Difference between revisions of "Python PDS4 Tools"
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Revision as of 20:09, 22 July 2015
- 1 Introduction
- 2 Reading PDS4 Images
- 3 Reading PDS4 Tables
This document describes the current status and usage of Python tools developed at PDS-SBN to read and visualize PDS4 data in Python. Please note that a more feature-complete PDS4 reader and visualizer for IDL is also available.
We also have a Github repository which holds our Python tools, including development versions.
Reading PDS4 Images
This section describes an example Python module that can read and display an image from a BOPPS/BIRC PDS4 data product. The code will read the data based on the label keywords, but does not otherwise validate the label. If the user wants to display the image, the code will consider the label's Display_Settings, and provide a copy of the image in the correct orientation for drawing with the origin in the lower left corner (which can then be displayed with Matplotlib).
The code below is specifically designed for reading BOPPS/BIRC images, but can be used as an example for other limited problems. A more general solution may use a different approach, and will be developed by SBN in the future.
Contact Mike Kelley with questions or comments regarding this code or its description.
Goal and Method
The goal is to read in an image from a BOPPS/BIRC data product into a Numpy array, providing the correct orientation for display. We will provide a function with the name of the label, the function will then
- Open the label.
- Find the data product file name.
- Determine the Array_2D_Image data type and shape.
- Read in the data array.
- Return the array and meta data in a single object.
The object will have two attributes that allow access to the data
- the data with the axis order and orientation as provided in the file, and
- the data with the axis order and orientation reconfigured according to the label's Display_Settings class, so that it will have the correct orientation if drawn with the origin in the lower left corner.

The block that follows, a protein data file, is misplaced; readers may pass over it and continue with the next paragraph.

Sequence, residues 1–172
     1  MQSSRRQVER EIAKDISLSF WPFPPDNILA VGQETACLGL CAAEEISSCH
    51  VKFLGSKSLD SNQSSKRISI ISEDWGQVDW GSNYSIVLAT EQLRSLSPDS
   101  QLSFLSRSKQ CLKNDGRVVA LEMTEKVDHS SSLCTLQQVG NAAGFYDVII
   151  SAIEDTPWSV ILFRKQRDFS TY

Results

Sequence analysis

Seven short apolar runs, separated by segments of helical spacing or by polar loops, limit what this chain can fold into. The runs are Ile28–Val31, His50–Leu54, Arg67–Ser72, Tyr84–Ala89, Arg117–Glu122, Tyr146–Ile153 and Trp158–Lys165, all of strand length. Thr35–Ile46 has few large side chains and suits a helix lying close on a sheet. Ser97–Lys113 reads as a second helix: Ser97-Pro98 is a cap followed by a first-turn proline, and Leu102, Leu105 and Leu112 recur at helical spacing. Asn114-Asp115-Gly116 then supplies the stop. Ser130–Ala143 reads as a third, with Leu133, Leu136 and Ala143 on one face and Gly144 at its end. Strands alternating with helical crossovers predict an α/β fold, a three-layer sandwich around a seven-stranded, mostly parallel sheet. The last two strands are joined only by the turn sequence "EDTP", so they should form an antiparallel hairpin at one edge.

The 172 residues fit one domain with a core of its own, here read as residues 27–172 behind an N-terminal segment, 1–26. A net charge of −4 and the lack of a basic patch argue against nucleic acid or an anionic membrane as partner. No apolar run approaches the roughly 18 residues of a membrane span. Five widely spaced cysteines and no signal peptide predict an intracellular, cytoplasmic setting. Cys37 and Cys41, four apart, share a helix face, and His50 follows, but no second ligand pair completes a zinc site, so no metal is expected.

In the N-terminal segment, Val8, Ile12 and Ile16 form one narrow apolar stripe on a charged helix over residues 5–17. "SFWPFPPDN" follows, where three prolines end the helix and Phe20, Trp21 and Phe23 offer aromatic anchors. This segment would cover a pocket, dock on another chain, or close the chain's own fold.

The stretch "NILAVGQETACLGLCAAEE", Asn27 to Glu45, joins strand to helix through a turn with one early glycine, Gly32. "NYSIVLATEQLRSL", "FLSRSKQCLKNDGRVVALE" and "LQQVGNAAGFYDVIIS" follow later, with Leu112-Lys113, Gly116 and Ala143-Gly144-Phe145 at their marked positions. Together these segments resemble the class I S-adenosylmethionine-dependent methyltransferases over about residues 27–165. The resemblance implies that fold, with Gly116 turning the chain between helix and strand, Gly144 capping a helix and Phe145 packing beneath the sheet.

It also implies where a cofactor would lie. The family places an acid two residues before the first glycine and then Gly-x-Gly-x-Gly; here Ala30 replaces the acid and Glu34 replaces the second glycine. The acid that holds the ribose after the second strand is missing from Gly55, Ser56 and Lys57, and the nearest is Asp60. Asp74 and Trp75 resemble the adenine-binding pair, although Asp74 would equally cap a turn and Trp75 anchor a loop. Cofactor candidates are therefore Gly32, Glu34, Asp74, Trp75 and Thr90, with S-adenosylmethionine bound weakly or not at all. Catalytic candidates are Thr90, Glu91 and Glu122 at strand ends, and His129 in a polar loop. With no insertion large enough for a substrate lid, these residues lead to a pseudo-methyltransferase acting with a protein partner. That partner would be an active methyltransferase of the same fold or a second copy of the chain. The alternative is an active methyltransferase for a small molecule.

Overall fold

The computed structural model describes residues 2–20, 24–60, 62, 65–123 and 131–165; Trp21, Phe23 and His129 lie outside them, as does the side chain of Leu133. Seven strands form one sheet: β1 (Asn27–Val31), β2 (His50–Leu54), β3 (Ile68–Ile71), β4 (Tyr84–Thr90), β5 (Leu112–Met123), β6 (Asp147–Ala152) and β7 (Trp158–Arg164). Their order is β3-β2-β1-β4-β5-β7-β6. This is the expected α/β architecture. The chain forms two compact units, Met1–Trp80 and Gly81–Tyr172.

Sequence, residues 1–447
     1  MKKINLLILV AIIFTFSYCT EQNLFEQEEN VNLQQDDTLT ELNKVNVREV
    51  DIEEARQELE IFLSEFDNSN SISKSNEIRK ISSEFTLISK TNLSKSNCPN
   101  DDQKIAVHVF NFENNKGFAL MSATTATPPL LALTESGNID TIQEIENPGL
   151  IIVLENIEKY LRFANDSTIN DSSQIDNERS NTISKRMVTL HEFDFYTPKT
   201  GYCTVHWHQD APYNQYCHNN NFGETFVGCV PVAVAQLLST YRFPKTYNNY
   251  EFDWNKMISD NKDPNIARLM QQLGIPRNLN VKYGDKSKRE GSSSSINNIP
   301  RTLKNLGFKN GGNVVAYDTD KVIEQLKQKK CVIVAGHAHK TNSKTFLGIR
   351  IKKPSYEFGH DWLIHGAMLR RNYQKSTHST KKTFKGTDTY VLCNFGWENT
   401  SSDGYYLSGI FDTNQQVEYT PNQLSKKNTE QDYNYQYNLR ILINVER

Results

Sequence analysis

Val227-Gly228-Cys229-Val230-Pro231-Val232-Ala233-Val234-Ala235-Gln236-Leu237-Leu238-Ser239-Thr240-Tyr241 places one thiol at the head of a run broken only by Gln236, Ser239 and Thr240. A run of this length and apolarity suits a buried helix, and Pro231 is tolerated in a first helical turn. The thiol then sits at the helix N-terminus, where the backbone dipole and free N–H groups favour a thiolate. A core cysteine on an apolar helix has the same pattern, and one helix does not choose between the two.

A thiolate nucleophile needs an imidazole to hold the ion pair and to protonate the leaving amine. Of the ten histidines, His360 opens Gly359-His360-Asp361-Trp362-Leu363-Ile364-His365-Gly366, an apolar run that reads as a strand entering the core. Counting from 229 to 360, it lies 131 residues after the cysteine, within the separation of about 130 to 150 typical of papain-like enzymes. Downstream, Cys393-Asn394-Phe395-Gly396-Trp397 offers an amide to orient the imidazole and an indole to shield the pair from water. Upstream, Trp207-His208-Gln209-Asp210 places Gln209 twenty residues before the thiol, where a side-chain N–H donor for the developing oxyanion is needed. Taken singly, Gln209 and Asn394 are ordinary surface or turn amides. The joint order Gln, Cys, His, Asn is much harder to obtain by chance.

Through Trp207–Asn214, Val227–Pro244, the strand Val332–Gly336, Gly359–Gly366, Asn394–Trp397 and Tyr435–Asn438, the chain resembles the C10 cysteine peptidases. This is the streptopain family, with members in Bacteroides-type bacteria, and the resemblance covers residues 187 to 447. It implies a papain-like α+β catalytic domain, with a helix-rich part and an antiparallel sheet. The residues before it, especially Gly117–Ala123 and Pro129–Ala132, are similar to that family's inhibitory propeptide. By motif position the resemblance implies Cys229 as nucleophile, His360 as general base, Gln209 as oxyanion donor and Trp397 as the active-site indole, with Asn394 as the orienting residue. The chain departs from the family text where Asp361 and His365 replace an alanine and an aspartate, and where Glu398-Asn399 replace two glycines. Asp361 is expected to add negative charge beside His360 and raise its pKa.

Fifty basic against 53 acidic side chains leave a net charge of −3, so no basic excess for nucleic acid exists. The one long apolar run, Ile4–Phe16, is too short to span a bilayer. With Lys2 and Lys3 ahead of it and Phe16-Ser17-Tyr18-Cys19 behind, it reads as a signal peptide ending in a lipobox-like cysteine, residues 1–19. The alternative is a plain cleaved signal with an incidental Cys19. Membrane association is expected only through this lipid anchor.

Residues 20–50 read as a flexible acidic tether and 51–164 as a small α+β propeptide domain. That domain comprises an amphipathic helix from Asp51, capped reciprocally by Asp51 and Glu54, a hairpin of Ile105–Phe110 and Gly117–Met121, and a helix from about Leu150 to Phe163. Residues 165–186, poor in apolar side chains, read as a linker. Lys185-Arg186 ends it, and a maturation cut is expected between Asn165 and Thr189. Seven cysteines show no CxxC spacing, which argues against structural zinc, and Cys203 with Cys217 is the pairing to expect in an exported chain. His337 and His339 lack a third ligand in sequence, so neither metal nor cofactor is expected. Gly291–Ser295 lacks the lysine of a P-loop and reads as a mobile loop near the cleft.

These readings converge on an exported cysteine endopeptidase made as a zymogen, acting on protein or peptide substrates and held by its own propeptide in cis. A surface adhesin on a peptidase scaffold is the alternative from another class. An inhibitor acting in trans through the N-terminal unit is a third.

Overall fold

For this basic example, we designed the reader as a function in a module named birc_example_reader. The user calls a single function, read_image(), passing the name of the label as the first argument. The function will load the label using the ElementTree module and find the first Array_2D_Image element to read in. A second function, read_pds4_array(), determines the correct data type and shape, then reads the data from the file. A class specifically designed for PDS4 Array_2D_Image objects, aptly named PDS4_Array_2D_Image, is initialized with the data, the label describing the data, and the local_identifier of the array. The local_identifier is not normally required in PDS4 array objects, but it must be present when the image display orientation is provided via Display_Settings. Since these are present in the BIRC labels, our class assumes local_identifier is included. The class then determines the image orientation. The image is stored as a class attribute data. The class attribute display_data is also provided, which can be used for displaying with Matplotlib.
To read and display a BOPPS/BIRC image:
import birc_example_reader as birc import matplotlib.pyplot as plt # array is im.data # array for displaying is im.display_data im = birc.read_image('cerh2_1_010000_rb_n169_n011.xml') plt.clf() plt.imshow(im.display_data, origin='lower') plt.draw()
Minimal Working Example
Below we provide a minimal working example with the same basic functionality. The example is a flat script with extensive comments, which may more clearly illustrate some of the methods for working with PDS4 image labels.
Reading PDS4 Tables
This section describes a Python package that can read and display PDS4 table data. Currently only Table_Character and Table_Binary objects are supported. In the future this tool is expected to support all PDS4 objects. The package expects labels that pass PDS4 Schema and Schematron validation, it will perform additional validation for both PDS4 Standards as well as optionally some PDS-SBN standards. A PDS4 data viewer is also available for supported objects.